She had been buried in a swampy grave, quickly improvised in the dark by her killer. Standing on top of the burial mound was a branch from aa tree, clearly snapped off and placed there to mask the presence of anything unusual in the topography. 


Upon investigating Kyllikki’s body the police learned that she had most likely been the victim of a sexual attack before the killer had finished his victim off. 

As can be imagined, no stone was left unturned in trying to find the culprit. The popular opinion was that if Kyllikki’s killer was found, Finland should implement a special law on him and sentence him to death. Her death was felt deeply around the country, and everyone was curious to know who had murdered this good Christian girl. 

Alas, despite years and years of police work, amateur sleuthing, books, movies and television programs, Kyllikki’s killer remains unidentified. The murder is probably the most famous unsolved homicide in Finland’s history (save for the Lake Bodom triple homicide in 1960), and it still frequently features in newspapers and on television. The case even has its own drink, if you can believe that: if you’re ever in a bar in Finland, ask the bartender for a “Kyllikki Saaren suohauta” (“Kyllikki Saari’s Swampy Grave”). 

Over the years, several people have come forward to claim they know who killed the poor girl; these people’s backgrounds vary from psychics to actual homicide detectives. But stories are meaningless unless they can be backed up by actual evidence, and that has been the shortcoming of all of these well-meaning hopefuls. 

The likelihood that this case will ever be solved is essentially non-existent. Decades have gone by, people have died and memories have faded. 

That is, the memories of specifics.

Kyllikki herself will most likely never be forgotten. 

(sign directing visitors to the site where Kyllikki’s body was found)

Morbid travel tip: Portinvartijan talo (“The Gatekeeper’s House”) in Salo, Finland.

“Portinvartijan talo” stands in Salo, southwestern Finland, about 60 kilometers from the city of Turku. If you’re interested in visiting the place, type this info into your navigator: “Järvikyläntie 56 Salo”.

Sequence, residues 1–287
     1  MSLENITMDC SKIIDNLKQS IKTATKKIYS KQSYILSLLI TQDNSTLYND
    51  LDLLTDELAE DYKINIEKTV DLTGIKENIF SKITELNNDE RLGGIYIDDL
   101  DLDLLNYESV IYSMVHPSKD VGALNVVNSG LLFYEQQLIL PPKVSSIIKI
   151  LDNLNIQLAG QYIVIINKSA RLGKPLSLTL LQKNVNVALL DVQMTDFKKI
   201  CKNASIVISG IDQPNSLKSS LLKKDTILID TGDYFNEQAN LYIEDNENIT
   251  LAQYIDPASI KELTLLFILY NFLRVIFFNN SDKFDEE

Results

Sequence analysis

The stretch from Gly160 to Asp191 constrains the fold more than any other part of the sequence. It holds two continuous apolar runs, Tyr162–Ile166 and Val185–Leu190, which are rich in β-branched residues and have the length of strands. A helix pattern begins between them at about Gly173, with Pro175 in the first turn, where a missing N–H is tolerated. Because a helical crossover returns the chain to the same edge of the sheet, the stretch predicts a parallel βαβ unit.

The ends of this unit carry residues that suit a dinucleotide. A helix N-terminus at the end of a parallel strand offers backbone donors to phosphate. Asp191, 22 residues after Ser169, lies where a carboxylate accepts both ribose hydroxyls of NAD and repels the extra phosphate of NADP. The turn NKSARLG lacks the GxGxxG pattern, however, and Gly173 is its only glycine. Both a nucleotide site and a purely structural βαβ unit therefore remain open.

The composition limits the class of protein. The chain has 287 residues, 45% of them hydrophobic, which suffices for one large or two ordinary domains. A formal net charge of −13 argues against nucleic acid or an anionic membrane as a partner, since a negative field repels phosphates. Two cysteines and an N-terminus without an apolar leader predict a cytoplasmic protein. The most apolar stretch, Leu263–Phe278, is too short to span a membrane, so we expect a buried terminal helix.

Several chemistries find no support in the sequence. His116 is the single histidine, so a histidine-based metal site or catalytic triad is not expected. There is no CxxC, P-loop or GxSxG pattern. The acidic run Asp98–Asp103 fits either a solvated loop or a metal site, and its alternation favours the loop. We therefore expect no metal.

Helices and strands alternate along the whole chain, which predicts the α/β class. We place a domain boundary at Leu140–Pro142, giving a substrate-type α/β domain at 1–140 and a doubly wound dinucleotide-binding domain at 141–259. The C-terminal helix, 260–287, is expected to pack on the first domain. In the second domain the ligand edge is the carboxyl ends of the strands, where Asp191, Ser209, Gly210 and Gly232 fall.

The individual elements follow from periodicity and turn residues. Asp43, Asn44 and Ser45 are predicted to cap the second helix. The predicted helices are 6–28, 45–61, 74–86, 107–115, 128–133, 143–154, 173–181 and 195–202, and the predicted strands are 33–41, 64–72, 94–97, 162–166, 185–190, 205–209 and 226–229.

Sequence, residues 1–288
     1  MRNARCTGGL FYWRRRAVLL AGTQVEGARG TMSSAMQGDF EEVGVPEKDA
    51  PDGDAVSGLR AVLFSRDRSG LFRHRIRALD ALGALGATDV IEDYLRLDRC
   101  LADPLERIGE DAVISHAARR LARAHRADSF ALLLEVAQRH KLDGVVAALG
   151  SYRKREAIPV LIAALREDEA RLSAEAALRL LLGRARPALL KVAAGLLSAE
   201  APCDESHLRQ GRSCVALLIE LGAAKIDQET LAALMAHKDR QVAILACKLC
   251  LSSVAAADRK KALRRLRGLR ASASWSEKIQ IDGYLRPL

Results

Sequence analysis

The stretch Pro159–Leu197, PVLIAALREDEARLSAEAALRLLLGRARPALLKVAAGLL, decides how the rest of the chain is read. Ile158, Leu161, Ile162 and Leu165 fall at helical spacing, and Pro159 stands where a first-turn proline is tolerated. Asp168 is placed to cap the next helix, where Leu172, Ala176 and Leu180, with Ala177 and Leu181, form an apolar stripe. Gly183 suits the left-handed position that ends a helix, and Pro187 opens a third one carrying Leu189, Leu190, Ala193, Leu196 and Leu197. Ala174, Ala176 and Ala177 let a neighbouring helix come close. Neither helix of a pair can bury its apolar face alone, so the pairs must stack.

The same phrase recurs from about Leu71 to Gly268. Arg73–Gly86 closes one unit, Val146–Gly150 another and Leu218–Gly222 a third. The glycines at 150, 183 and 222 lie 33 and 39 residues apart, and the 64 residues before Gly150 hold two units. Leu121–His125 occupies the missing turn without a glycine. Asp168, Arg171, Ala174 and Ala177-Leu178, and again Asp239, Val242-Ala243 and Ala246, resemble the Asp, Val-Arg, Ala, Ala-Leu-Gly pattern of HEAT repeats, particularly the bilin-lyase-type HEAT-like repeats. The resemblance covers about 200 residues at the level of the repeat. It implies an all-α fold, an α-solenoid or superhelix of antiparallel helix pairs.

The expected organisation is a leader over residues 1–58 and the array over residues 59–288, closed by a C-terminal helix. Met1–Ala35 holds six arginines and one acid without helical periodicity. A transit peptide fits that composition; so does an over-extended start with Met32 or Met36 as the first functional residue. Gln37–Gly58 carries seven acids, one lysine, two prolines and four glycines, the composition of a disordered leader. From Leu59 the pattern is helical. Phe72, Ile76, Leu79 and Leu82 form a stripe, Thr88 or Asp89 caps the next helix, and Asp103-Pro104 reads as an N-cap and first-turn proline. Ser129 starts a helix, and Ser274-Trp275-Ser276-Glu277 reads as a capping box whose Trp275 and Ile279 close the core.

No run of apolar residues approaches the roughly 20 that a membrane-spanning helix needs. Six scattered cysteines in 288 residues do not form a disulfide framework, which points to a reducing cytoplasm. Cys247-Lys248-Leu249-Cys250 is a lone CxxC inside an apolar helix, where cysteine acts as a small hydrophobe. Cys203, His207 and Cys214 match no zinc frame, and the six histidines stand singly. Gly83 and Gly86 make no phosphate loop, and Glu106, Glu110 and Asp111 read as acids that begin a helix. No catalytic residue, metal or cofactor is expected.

The story of this house is as peculiar as the building itself.

Decades ago plans were made to build a large castle onto a hill in the middle of the woods in Salo, a town with currently around 53 000 residents in southern Finland. The person behind the project was a man named Osvald Wasastärna, and he wanted this castle to be his personal residence.

Unfortunately, his timing could not have been worse: the Finnish Civil War in 1918 put a dent to his otherwise ambitious plans, and thus, the castle itself, the purported main building of the area, was never built. Instead of building a new castle, Wasastärna ended up buying an old one, a manor called “Tammenpää”.

Though the castle itself was never built, Wasastärna’s project did manage to take a two leaps forward before coming to a premature end. The building that was supposed to house the safety guard of the castle was indeed built, as was a small bridge connecting two spots of land over a steep drop in the ground. As the castle this bridge was supposed to lead to was never built, the bridge is currently known as “Silta joka ei johda mihinkään”, “The Bridge That Leads Nowhere”.

The true kicker of the place, however, is the material used to build the gatekeeper’s house: gravestones. Yes, you read that right – stones essentially stolen from nearby ancient graves. Those are the stones you see bulging from the walls of the house.

As can be expected, the house is surrounded by several folk tales. Here are a few of them:

  • According to several visitors, despite its proximity to a fairly busy road, the area surrounding the house is eerily silent. Even when cars pass by the building, it’s as though their sound is somehow unnaturally muffled.
  • If you ask the average Finnish ghost fan “What house should I spend the night if I want to experience a haunted house in Finland”, it’s very likely you’ll get this building’s name as the reply.
  • Some claim to have heard the sounds of horses and riders crossing the “bridge to nowhere” after dark.
  • A local story says that a young upper class boy was buried in the woods near the area. The point of this story escapes me, however, and even if it were true, what does the grave have to do with the house and the bridge?

Regardless of whether you’re there hunting for a whiff of the paranormal, the area is a curious, eccentric little piece of Finland’s history from the early 1900s, and the surrounding country landscapes are dazzling in summertime. 

Just don’t enter the house at night…